To John Jay
West-point Augt 16th 79
I beg you to accept my thanks for your obliging letter of the 10th transmitting an extract from Mr Bingham’s. The intelligence it gives is infinitely interesting, and I hope will be followed by events of still more decisive importance.1 The conduct of England in respecting the mediation of Spain is more strongly tinctured with insanity than any thing she has done in the course of the Contest, unless she be sure of very powerful aid from some of the Northern States. This seems to be the only rational solution, that can be given to her obstinacy.
I inclose you a letter from General Wayne, a part of the contents of which he communicated to me concerning some Officers of his Corps whom he omitted in his former report.2 As this omission has given dissatisfaction; and as the gentle[me]n concerned are very deserving I shall be happy if Congress should think it proper to publish Genl Waynes letter, which I doubt not will effectually remove it. I take the liberty of mentioning this to your Excellency that if you see no impropriety in the publication, you may give it your aid.3 With the greatest esteem & regard I have the honor to be Dr Sir Yr Most obedt and Obliged Hble Servt
ALS, ICHi; Df, DLC:GW; Varick transcript, DLC:GW. GW wrote the dateline of the draft; the remainder of the draft is in Alexander Hamilton’s writing.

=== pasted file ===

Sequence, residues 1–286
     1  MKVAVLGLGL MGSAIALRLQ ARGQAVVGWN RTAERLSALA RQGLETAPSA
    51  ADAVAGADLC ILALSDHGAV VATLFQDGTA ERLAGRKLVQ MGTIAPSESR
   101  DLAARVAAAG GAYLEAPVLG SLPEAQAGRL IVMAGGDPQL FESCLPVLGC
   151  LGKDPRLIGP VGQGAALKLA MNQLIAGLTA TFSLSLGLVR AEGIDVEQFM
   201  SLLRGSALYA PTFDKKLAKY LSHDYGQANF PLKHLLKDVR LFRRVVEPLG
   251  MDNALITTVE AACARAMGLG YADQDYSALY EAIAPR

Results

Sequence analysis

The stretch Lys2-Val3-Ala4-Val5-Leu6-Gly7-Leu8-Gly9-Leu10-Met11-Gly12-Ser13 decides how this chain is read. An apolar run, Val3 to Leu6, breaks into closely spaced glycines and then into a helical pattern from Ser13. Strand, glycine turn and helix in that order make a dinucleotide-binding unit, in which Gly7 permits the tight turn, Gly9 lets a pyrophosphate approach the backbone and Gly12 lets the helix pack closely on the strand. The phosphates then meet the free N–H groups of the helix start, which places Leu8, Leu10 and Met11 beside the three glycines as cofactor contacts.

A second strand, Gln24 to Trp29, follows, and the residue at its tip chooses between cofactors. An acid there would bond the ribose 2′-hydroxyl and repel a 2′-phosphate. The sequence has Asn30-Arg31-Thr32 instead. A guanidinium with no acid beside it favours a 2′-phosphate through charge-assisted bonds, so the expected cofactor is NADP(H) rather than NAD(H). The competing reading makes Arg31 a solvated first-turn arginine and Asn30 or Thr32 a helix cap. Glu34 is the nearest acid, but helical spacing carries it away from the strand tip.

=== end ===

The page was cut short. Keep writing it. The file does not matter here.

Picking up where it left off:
1. GW may have been alluding to his hopeful expectation that French vice admiral d’Estaing would bring his fleet to Georgia and then to New York for a combined campaign with GW’s main army—a plan that GW had discussed in late April and early May with the French minister Conrad-Alexandre Gérard (see GW to Gérard, 1 May, and the notes to that document).
2. Anthony Wayne’s letter to John Jay, dated 10 Aug. at West Point, reads: “Your very polite favor of the 17th [27th] ultimo with the extract of an act of Congress, I have just now Recd—the Honorable manner in which that Respectable body have been pleased to express their approbation of my conduct in the enterprize on Stoney Point, must be very flattering to a young Soldier, but whilst I experience every sensation arrising from a Conciousness of having used my best endeavours to carry the Orders of my General into execution, I feel much hurt that I did not in my letter to him of the 17th July, mention (among other brave & Worthy Officers) the names of Lieut. Colo. Sherman, Majors, Hull, Murphy & Posey, whose good Conduct & Intrepidity justly entitled them to that Attention.
“permit me therefore thro’ your Excellency to do them that Justice now which the state of my Wound diverted me from in the first Instance, & whilst I pay this tribute to real Merit—I must not omit Major Noirmont de Laneuville a French Gentleman who (in the Character of a volunteer) step’t amongst the first for Glory.
“I will only beg leave to add that every Officer & Soldier belonging to the Light Corps discover’d a Zeal & Intrepidity that did, & ever will secure Success” (DNA: PCC, item 161).
3. Jay had the letter read in Congress on 23 Aug., and Congress referred the letter to the Committee of Intelligence for publication (see JCC, description begins Worthington Chauncey Ford et al., eds. Journals of the Continental Congress, 1774-1789. 34 vols. Washington, D.C., 1904–37. description ends 14:989 and Jay to GW, 25 Aug.). The letter did remove much of the officers’ dissatisfaction (see the letters in Wayne to GW, 30 Aug., n.1).